By ASHLEY WELCH, CBS NEWS, September 29, 2015
The first patient has received a pioneering human embryonic stem cell operation in the U.K. that doctors hope will be effective against a common cause of blindness.
According to a statement released today, the procedure was performed on a 60-year-old woman with a condition called age-related macular degeneration at London’s Moorfields Eye Hospital last month. The procedure was deemed successful and there have been no complications to date, the statement said.
The doctors expect to know by December whether or not the woman has regained her sight. The study will recruit a total of 10 patients for the ongoing trial over an 18-month period.
Age-related macular degeneration is a common eye condition and the leading cause of vision loss among people 50 and older, according to the National Eye Institute. There are two forms of the condition: “wet” and “dry.” The wet form is usually caused by abnormal blood vessels that leak fluid or blood into the region of the macula, in the center of the retina. Wet macular degeneration almost always begins as dry macular degeneration.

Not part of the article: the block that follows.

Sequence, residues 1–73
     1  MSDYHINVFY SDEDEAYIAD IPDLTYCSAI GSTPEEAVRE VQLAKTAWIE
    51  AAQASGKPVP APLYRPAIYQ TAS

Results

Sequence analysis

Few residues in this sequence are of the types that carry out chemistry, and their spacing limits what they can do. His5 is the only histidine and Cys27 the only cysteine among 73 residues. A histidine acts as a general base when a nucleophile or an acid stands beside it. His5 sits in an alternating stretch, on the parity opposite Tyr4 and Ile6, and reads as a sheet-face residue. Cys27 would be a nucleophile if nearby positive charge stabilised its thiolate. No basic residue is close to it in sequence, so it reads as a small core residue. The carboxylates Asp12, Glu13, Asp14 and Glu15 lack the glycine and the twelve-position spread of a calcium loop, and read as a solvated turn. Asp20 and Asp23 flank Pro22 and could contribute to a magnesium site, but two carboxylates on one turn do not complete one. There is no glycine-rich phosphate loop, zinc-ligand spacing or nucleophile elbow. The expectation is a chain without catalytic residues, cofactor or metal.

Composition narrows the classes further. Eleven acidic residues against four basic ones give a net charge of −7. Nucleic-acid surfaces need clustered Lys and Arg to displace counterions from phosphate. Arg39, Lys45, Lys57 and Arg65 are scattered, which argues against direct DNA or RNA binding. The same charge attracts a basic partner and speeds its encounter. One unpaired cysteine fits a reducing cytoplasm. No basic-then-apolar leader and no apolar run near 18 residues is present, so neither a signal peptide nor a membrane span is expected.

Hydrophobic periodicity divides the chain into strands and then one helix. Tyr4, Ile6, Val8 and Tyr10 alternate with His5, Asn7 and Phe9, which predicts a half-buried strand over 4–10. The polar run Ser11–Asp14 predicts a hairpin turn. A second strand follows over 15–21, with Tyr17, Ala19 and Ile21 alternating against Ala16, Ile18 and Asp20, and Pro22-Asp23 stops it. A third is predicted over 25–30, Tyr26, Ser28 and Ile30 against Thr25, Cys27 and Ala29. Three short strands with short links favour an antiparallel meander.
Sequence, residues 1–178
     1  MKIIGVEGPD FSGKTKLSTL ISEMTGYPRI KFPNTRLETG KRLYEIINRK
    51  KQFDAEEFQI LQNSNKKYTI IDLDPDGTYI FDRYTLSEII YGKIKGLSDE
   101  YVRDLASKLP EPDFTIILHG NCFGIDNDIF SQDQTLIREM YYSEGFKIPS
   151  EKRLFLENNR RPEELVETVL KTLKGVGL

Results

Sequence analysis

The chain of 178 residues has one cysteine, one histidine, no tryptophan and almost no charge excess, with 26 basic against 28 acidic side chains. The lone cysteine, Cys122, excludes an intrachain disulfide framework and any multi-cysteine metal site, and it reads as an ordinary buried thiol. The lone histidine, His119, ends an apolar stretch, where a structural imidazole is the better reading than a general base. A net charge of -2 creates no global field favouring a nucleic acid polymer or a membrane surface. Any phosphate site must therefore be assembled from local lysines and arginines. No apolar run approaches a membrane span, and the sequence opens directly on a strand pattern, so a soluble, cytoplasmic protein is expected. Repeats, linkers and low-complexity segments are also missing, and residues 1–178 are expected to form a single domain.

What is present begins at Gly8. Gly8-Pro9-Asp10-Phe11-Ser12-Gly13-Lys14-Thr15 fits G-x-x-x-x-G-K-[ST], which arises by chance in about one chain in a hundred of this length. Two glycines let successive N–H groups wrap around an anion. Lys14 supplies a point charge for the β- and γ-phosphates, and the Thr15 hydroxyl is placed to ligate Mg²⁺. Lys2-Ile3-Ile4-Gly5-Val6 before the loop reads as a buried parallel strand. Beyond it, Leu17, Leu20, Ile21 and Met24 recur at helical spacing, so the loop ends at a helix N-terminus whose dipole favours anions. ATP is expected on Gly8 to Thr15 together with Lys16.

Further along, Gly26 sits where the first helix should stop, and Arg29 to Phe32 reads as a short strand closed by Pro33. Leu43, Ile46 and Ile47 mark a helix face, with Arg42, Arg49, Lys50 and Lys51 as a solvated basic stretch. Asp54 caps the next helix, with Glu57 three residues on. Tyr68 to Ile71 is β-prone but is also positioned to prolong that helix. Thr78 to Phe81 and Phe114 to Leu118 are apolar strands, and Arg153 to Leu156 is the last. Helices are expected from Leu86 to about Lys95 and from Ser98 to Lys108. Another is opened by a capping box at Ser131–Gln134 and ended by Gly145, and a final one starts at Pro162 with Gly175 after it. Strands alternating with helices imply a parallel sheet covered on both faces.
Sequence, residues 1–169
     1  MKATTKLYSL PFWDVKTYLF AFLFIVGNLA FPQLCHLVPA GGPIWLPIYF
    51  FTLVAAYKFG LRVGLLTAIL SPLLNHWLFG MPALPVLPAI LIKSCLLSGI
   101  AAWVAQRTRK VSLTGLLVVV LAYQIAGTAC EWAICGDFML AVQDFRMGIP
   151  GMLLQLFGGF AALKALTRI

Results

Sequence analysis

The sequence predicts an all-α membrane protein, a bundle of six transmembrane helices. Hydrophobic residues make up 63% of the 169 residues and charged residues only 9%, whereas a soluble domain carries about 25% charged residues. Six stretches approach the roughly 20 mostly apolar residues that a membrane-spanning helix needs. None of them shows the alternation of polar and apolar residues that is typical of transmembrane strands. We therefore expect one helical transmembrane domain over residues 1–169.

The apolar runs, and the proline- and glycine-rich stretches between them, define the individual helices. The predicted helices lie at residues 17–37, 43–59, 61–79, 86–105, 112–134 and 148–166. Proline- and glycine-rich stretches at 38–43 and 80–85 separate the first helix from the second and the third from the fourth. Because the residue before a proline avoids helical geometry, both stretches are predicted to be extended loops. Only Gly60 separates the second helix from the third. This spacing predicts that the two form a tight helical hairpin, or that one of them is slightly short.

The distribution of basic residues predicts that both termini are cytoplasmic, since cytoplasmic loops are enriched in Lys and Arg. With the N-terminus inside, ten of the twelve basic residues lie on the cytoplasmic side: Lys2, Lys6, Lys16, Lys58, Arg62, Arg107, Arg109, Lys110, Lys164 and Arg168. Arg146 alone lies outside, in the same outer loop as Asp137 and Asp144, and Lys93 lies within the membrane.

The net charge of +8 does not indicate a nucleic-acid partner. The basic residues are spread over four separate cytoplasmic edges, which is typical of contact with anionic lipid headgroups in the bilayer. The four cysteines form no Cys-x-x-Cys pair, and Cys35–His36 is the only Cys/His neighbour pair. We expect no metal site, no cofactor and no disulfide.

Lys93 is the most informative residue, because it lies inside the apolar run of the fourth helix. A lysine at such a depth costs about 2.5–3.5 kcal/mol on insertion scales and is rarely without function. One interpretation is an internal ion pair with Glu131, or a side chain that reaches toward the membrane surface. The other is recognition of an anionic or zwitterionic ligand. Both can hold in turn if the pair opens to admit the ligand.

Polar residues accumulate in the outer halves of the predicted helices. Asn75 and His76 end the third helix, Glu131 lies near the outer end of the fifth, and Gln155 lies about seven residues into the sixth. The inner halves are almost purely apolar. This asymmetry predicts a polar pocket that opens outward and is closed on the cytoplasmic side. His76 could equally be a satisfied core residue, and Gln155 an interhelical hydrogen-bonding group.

Dry macular degeneration is far more common and affects 90 percent of people with the condition. It occurs when there is a breakdown or thinning of the layer of retinal pigment epithelial (RPE) cells in the macula, which support the light-sensitive photoreceptor cells that are critical to vision.
The current trial, which is part of the London Project to Cure Blindness, will test the safety and efficacy of transplanting RPE cells derived from stem cells to treat people with sudden severe visual loss from wet age-related macular degeneration